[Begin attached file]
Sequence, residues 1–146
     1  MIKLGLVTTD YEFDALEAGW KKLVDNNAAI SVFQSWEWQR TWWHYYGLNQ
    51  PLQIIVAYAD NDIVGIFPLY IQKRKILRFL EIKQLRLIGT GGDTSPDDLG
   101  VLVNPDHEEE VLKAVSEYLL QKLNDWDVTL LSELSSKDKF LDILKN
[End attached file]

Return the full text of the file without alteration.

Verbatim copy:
Sequence, residues 1–146
     1  MIKLGLVTTD YEFDALEAGW KKLVDNNAAI SVFQSWEWQR TWWHYYGLNQ
    51  PLQIIVAYAD NDIVGIFPLY IQKRKILRFL EIKQLRLIGT GGDTSPDDLG
   101  VLVNPDHEEE VLKAVSEYLL QKLNDWDVTL LSELSSKDKF LDILKN